More recently, PKA, a large Danish pension fund, cited the results of the NBIM study as an input into its changes in strategic equity allocation. While not yet fully implemented, it is targeting exposure to a range of equity factor premiums, such as value, momentum and low-volatility.

The rise of factor premiums

Obviously, the shift in interest toward factor premiums did not happen overnight. As Blitz explains, it began years ago when academic research began to question the efficiency of market-cap-weighted indexes. “There is a stream of literature that clearly says that market-cap-weighted indexes are not efficient and that other strategies, such as those focused on value and momentum, yield attractive returns,” says Blitz.

Ignoring these premiums has been cited as the reason so many mutual funds fail to outperform benchmarks, leading to the impression that active management is ineffective. “In fact,” notes Blitz, “research by Robeco and others has found that there are certain types of funds that do beat the market. These are the funds that are following systematic factor strategies, such as value and momentum. It is possible to beat the market-cap index using factor premiums.”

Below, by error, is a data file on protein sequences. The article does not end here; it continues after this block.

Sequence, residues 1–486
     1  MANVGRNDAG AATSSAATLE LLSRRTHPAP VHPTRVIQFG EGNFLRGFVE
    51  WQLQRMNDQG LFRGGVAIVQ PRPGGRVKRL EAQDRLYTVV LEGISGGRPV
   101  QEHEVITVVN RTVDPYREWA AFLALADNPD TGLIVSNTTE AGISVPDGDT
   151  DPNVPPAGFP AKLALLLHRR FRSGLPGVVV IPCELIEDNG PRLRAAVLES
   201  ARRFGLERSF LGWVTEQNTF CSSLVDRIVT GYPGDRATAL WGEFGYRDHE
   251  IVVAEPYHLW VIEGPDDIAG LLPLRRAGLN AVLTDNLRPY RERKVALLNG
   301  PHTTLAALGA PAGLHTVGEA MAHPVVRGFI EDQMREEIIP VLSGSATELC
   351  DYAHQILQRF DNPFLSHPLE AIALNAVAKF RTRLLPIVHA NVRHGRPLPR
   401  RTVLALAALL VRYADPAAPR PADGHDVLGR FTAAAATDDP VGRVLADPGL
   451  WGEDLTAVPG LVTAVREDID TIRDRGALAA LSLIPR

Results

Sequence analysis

Factor premiums deliver superior performance

Robeco’s own research confirms the importance of factor premiums in equity returns. “Studying the large, liquid portion of the US market since the 1960s, we identified three factor strategies as the most interesting: value, momentum and low-volatility,” says Blitz.

“If you look at returns, you see these factors clearly delivering superior performance over the past fifty years. Not only is there abundant evidence of the strength of these equity premiums in the US market, they are also found in Asian, European and emerging markets as well.”

But this is not really groundbreaking news. The volatility effect was first recognized in the 1970s; value investing has been around for decades--if not longer; and the momentum factor was documented more than 20 years ago. The question has always been how to translate the theoretical returns cited by academics into workable strategies and client net-returns.

Putting theory into practice

As Blitz says, “it’s not a trivial question.” The returns reported in the academic literature from the momentum premium, for example, have tantalized investors for years. It was generally recognized, however, that the returns reported by academics would be hard to realize in practice, owing to high risk and transaction costs.